“My name is Grace Mello. I am in my early thirties. I am a hairdresser by profession. I am also a taxi driver in Nairobi. I have been running my taxi business for three years now. I started this business after selling my beauty salon, barber and spa business in 2015. This business was known as Beauty Spice and Barber Shop. It had two branches, one at the Cabanas area along Mombasa Road in Nairobi, and the other along the North Airport Road near the Kobil Fuel Station.
My journey in business started twelve years ago. After completing secondary school at Mutonguni High School in Kitui in 2006, I moved to Nairobi and started working as a shampoo girl at a beauty salon. My intention was to earn myself some money before joining college. I chose a beauty salon because I had some raw plaiting skills. After working as a shampoo girl for one year, I was promoted to a junior hairdresser. I started plaiting customers on commission. I was put on training to hone my skills and acquire different hairdressing styles and techniques.
However, working at someone’s beauty salon could only get me so far. I felt that I wanted to grow. I desired to open my own beauty salon. Every month, I started saving money to buy hairdressing equipment. At the time, I lived with my older brother Tonnie. This made it easy for me to save money since I did not have expenditures. By mid 2008, I had saved about Sh. 40,000. I was frustrated that it would take years before I could get a full budget to start my own hairdressing business. My estimates showed that I needed at least a capital startup of close to Sh. 2 million.
Fortunately, my brother had noticed my efforts. He offered to help me set up the business. One of his conditions was that I needed to develop a workable business plan that could return on investment. This included finding good business locations, identifying the right hairdressing equipment, and getting the right marketing strategy. I found my first space at Cabanas, which was near the junction of Mombasa Road and North Airport Road. After identifying the space, I paid rent using my savings. My brother then flew to China to purchase all the hairdressing equipment. These included sinks and tubs, machines and flat irons. They were much cheaper in China. In addition, it made business sense since he had some business interests that he was pursuing in the country. By the time I opened the business in the last quarter of 2008, my start up investment stood at Sh. 2 million. This was fully financed by my brother. We came up with a repayment plan, and within eighteen months, I had paid him off and opened a second branch on the other end of North Airport Road.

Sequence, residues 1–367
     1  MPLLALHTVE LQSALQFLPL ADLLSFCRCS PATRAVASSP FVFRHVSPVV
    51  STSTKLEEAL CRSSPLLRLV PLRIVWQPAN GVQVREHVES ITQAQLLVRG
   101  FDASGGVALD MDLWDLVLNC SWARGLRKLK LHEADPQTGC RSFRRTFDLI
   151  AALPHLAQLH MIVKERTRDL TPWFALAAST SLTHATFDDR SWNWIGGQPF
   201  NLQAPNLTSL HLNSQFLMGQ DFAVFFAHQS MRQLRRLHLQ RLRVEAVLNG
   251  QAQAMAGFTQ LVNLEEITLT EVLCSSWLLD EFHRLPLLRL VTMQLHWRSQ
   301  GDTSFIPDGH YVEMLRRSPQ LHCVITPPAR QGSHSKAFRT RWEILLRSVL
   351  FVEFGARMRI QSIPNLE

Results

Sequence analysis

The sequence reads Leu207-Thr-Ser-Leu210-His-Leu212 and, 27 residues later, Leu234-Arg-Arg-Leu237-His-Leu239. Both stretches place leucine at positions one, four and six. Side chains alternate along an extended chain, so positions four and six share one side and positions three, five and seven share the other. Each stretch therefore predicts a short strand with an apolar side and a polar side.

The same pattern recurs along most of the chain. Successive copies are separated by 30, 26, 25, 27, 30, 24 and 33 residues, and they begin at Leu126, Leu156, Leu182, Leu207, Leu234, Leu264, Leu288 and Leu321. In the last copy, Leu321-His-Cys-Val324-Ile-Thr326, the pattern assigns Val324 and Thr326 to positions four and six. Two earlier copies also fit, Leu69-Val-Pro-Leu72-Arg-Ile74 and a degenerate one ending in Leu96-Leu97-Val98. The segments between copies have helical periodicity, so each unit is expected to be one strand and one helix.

After ten years, in 2015, I decided to sell the business following revenue downturn and tenant-landlord disputes. At our North Airport branch, the landlady tripled the rent without notice. She argued that since we were attracting more customer traffic than other businesses in the premise, we deserved to pay more. The rent hike started depleting out revenues and put my plans to open a third branch in Parklands on hold. Amidst all this, the government started constructing the North Airport Road. Traffic jams along the road became heavy, dust was the order of the day, and to make matters worse, all parking areas were eaten up by the construction works. Customers could no longer access my business. Revenues started falling rapidly. With the two branches operating on each end of the same road, they virtually ended up sharing the same clients. I stayed put hoping that once the road construction was over, my numbers would rise again. But recovery took a lot of time. By 2015, the business had started to accrue debt. I sat down with my brother who doubled up as my business mentor and examined my recovery options. In the end, the most viable option was for me to cut my losses and try something else. I decided to sell the business. I got a buyer who took the business at Sh. 3 million.